Daimler-Benz DB 604

Daimler-Benz DB 604 X-24 Aircraft Engine

By William Pearce

In July 1939, the RLM (Reichsluftfahrtministerium, or Germany Air Ministry) issued specifications for a new medium bomber capable of high-speeds. Originally known as Kampfflugzeug B (Warplane B), the aircraft proposal was eventually renamed Bomber B. The Bomber B specification requested an aircraft that could carry a 2,000 kg (4,410 lb) bomb load 3,600 km (2,237 mi) and have a top speed of 600 km/h (373 mph). To power the Bomber B aircraft, the RLM requested engine designs from BMW, Junkers, and Daimler-Benz. The respective companies responded with the BMW 802, the Junkers Jumo 222, and the Daimler-Benz DB 604.

Daimler-Benz DB 604

The Daimler-Benz DB 604 was designed in 1939 to power the next generation of German fast bombers under the Bomber B program. However, the engine was not selected for production.

The DB 604 was an all-new, liquid-cooled, 24-cylinder engine. Four banks of six cylinders were arranged in an “X” configuration with each cylinder bank spaced at 90 degrees. The X-24 engine consisted of a two-piece aluminum alloy crankcase split horizontally at its center. The engine’s single crankshaft had six crankpins that were spaced at 0 degrees, 120 degrees, 240 degrees, 240 degrees, 120 degrees, and 0 degrees. This arrangement resulted in cylinders firing evenly at every 30 degrees of crankshaft rotation. Attached to each crankpin was a master connecting rod that accommodated three articulated connecting rods. A gear reduction at the front of the engine turned the propeller at .334 crankshaft speed. A supercharger mounted to the rear of the engine had an upper and a lower outlet. Each outlet was connected to two intake manifolds that ran along the inner Vee side of the cylinder banks.

The DB 604’s fuel system was located in the upper and lower Vees of the engine and consisted of fuel injection pumps and individual fuel injectors for each cylinder. Each cylinder had two intake and two exhaust valves, all of which were actuated by a single overhead camshaft. The camshaft for each cylinder bank was driven via a vertical shaft from the rear of the engine. The exhaust ports were positioned in the left and right Vees, as were the two spark plugs per cylinder. The spark plugs were fired by two magnetos positioned in the left and right Vees and mounted to the propeller gear reduction housing.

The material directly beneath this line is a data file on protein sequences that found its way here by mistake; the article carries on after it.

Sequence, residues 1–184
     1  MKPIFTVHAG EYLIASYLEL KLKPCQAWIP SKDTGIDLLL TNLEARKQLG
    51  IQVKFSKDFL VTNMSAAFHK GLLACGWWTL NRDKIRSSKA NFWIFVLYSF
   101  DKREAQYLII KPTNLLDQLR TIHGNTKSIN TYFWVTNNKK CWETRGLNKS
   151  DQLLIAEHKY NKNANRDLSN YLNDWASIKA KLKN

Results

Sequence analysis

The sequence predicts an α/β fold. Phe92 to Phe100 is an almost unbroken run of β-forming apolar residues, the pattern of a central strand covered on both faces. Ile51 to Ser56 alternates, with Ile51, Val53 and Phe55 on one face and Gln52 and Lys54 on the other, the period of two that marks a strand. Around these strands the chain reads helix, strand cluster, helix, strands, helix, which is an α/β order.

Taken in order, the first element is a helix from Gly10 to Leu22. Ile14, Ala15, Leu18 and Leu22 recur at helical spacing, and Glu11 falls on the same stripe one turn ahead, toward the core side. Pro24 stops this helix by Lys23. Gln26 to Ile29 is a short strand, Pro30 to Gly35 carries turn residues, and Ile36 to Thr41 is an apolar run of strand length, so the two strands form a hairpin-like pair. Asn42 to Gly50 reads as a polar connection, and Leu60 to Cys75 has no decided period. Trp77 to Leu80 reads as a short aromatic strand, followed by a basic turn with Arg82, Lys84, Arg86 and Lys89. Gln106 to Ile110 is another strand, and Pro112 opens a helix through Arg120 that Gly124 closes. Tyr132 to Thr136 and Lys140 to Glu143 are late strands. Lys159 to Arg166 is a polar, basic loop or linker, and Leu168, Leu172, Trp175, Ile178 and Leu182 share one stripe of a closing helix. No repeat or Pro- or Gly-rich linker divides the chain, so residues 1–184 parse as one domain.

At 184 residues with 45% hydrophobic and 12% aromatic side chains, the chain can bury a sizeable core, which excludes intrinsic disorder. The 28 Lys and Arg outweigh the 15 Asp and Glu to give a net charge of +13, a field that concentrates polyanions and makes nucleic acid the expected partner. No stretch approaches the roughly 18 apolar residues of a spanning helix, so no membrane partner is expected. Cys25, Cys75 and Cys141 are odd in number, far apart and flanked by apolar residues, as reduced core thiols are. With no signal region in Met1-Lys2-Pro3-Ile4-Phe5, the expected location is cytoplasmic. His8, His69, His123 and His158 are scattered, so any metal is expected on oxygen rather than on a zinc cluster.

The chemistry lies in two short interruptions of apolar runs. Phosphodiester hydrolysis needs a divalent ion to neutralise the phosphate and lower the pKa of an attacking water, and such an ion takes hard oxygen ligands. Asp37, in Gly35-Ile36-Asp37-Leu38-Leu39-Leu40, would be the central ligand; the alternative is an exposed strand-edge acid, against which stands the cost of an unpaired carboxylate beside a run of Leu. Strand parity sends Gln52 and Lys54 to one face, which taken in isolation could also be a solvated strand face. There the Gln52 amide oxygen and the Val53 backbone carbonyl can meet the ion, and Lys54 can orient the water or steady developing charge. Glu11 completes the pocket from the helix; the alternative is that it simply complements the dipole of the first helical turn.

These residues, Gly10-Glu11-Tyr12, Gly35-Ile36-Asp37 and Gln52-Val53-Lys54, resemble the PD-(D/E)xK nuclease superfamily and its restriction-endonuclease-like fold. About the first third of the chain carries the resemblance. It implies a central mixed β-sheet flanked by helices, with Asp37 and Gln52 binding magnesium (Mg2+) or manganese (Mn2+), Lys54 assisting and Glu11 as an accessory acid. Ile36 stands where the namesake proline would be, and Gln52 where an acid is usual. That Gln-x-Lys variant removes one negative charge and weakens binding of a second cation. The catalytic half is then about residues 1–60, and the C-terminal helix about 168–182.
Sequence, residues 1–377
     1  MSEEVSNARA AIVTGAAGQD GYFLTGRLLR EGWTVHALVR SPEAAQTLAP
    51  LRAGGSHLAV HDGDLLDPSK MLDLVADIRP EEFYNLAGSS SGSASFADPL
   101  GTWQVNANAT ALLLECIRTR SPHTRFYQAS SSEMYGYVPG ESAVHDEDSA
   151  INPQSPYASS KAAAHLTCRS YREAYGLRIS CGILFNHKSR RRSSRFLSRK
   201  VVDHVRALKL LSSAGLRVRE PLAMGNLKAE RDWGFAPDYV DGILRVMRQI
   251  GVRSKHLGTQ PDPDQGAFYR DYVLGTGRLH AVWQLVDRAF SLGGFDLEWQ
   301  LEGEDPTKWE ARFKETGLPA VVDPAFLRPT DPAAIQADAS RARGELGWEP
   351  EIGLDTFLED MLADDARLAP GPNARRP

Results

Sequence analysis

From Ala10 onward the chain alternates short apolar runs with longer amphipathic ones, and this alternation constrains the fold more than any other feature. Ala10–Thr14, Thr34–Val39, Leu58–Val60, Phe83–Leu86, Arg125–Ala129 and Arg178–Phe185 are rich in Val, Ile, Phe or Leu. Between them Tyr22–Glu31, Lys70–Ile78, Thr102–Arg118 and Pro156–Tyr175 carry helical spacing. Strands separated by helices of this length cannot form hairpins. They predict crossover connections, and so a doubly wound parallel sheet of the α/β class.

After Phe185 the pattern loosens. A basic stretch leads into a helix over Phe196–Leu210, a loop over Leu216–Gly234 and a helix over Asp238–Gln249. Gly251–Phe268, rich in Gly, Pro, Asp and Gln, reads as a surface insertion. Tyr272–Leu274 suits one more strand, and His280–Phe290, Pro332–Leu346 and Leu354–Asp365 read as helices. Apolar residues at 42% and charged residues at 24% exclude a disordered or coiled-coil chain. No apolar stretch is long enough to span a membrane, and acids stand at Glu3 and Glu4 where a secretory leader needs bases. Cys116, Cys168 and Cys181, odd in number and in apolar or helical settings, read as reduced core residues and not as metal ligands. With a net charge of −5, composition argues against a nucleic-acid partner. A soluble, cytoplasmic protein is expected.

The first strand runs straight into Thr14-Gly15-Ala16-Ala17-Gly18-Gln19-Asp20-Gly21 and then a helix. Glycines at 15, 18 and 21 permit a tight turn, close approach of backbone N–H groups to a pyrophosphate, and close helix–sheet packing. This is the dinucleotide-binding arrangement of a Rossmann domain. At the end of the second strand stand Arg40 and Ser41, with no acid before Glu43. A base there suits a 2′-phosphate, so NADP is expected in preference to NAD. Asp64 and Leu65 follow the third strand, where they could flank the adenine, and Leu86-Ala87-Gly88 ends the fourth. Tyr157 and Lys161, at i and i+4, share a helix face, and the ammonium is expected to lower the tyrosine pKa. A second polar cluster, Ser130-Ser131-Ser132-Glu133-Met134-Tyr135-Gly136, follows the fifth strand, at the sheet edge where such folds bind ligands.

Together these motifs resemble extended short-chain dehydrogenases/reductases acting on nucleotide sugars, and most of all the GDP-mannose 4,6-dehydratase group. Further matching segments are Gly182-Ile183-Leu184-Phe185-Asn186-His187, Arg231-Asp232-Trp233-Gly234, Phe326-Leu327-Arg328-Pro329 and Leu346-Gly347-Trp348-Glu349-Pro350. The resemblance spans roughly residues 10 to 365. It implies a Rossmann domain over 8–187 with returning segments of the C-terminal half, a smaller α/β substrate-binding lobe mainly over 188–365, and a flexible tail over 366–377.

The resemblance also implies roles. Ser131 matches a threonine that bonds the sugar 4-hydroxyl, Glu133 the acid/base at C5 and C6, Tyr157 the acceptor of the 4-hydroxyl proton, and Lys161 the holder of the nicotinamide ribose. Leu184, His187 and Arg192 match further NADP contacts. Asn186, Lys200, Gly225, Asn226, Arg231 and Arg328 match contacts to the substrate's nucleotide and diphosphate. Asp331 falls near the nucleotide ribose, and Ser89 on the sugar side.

Daimler-Benz DB 604 side

The DB 604 was a rather compact design. A magneto can be seen at the front of the engine between the exhaust ports of the upper and lower cylinder banks. Note the supercharger at the rear of the engine. (Evžen Všetečka image via www.aircraftengine.cz)

The DB 604 had a 5.31 in (135 mm) bore and stroke and displaced 2,830 cu in (46.4 L). The engine had a 7.0 to 1 compression ratio and weighed 2,381 lb (1,080 kg). The DB 604 prototype was first run in late 1939. The first engine produced 2,313 hp (1,725 kW) at 3,200 rpm. This engine may have had a single-speed supercharger. The DB 604 A and DB 604 B engines were produced quickly after the first prototype. These engines had a two-stage supercharger that provided 6.17 psi (.43 bar) of boost. The difference between A and B versions was the rotation of the engine’s crankshaft. The DB 604 A/B had a maximum output at 3,200 rpm of 2,660 hp (1,984 kW) at sea level and 2,410 hp (1,797 kW) at 20,600 ft (6,279 m). The engine’s maximum continuous output was 2,270 hp (1,693 kW) at sea level and 2,120 hp (1,581 kW) at 21,000 ft (6,401 m), both figures at 3,000 rpm. Maximum cruise power was at 2,800 rpm, with the engine producing 1,830 hp (1,365 kW) at sea level and 1,860 hp (1,387 kW) at 20,000 ft (6,096 m). The DB 604 was flight tested in a Junkers Ju 52 trimotor transport, but it is not clear which version of the engine was tested. At least five DB 604 engines were made.